What people are saying - Write a review
We haven't found any reviews in the usual places.
Other editions - View all
Staniford's Practical Arithmetic ...: Adapted Principally to Federal Currency
No preview available - 2016
account current added amount answer balance Bills receivable Boston bought Cash Dr cent charges ciphers coffee commission common compound contains cost credited debited decimal denominator difference directed ditto Divide dividend divisor dollars entry equal EXAMPLES exchange extreme Federal Money feet figures folio fraction gain gallons gals given given number greater half hand figures hhds hundred interest James Journal left hand Leger less marked Means measure merchant miles months Multiply NOTE paid payment person pounds principal proceeds Profit and Loss quantity question quotient Reduce remainder repetend right hand root Rule share shillings ship side simple single sold square sterling Stock subtract sugar Sundries third Thomas unit Voyage weight whole numbers wine yards yards cost
Page 2 - District Clerk's Office. BE IT REMEMBERED, that on the tenth day of August, AD 1829, in the fifty-fourth year of the Independence of the United States of America, JP Dabney, of the said district, has deposited in this office the title of a book, the right whereof he claims as author, in the words following, to wit...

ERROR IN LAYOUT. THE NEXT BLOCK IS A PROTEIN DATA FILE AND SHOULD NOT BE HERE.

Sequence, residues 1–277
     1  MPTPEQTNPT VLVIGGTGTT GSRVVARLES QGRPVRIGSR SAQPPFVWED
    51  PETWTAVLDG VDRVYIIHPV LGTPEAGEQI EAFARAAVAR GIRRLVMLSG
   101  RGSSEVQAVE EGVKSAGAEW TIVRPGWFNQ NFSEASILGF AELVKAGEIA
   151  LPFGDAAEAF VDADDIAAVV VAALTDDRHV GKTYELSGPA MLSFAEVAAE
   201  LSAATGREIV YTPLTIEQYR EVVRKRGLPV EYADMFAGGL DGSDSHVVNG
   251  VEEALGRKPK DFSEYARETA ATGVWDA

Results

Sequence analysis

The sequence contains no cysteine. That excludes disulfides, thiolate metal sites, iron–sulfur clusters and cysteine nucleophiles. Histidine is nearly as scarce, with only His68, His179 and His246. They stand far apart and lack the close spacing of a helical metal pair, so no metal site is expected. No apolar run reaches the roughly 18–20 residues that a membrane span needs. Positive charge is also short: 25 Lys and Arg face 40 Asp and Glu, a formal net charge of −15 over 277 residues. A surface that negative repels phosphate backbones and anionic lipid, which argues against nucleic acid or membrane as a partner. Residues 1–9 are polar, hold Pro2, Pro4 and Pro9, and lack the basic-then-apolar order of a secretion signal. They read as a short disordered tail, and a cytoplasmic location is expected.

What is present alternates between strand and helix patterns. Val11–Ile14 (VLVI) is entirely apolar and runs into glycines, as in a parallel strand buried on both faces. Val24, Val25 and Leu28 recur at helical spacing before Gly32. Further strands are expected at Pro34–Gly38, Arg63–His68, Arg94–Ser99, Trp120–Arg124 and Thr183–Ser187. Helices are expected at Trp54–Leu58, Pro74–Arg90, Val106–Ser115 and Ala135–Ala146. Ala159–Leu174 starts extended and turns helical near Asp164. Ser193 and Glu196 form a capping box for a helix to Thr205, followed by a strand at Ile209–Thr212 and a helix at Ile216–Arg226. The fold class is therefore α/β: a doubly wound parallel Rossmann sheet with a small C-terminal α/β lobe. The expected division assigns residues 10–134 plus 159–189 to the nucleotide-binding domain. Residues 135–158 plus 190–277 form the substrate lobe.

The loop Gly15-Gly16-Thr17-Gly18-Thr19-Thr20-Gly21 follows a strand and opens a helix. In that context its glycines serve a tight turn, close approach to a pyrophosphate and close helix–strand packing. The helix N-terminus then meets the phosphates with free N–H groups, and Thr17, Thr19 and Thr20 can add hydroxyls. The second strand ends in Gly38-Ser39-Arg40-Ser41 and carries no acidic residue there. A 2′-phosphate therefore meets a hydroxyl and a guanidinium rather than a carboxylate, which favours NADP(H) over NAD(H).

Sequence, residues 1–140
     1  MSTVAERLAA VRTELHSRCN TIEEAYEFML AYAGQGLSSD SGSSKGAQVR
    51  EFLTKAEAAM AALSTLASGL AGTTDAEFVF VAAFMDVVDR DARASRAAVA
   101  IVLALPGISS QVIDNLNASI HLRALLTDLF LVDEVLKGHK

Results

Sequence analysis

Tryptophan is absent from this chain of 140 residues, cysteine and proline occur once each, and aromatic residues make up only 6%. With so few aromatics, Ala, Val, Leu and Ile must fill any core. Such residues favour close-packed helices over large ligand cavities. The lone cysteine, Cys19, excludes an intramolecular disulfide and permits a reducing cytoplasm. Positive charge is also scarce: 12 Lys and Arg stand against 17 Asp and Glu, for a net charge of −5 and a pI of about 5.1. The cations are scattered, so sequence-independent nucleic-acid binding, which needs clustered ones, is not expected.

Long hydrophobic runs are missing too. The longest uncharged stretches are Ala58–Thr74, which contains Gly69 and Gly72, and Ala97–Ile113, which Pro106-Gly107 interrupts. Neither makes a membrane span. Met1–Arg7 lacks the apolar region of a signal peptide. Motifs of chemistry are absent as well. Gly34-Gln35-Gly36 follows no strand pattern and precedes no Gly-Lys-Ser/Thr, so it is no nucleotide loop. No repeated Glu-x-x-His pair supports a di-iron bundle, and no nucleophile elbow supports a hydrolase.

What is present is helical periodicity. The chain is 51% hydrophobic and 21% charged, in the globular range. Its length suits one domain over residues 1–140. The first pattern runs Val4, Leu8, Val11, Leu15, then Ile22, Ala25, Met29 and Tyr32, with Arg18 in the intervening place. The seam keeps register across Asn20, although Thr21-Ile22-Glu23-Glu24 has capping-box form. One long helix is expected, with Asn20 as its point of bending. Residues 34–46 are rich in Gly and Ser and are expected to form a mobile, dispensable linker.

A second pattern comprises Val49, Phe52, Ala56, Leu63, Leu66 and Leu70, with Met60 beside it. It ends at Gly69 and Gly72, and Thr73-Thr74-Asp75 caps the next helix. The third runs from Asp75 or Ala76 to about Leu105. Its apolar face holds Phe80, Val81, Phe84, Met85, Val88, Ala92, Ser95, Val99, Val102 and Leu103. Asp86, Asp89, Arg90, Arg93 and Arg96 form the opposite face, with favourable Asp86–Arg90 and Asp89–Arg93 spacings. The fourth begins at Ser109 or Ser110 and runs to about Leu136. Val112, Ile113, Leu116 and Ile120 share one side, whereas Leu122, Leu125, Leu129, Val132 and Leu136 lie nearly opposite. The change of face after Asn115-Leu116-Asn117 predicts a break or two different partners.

Page 57 - Divide the common denominator by the denominator of each fraction, and multiply the quotient by the numerator, and the product will be the numerator of the fraction required.
Page 85 - The denominator of a decimal, though never expressed, is always the unit, 1, with as many ciphers annexed as there are figures in the decimal.
Page 134 - Is when the several shares of stock are continued in trade an equal term of time. RULE. As the whole stock is to the whole gain or loss : so is each man's particular stock, to his particular share of the gain or loss.
Page 56 - RULE. Multiply all the numerators together for a new numerator, and all the denominators for a new denominator: then reduce the new fraction to its lowest terms.
Page 54 - Divide the terms of the given fraction by any number which will divide them without a remainder, and the quotients again in the same manner ; and so on, till it appears that there is no number greater than 1, which will divide them, and the fraction will be in its least terms.
Page 52 - From what has preceded, we perceive that the value of a fraction is the quotient arising from the division of the numerator by the denominator, or from the expression of this division.
Page 159 - London ; and when, on the other hand, £100 will not suffice to buy a bill for fs.2520, the exchange is against London and in favour of Paris. The course of exchange — is the current price between two places, which is always fluctuating, being sometimes above and sometimes below par, according to the circumstances of trade, and the consequent debt due to or from one country, from or to the other.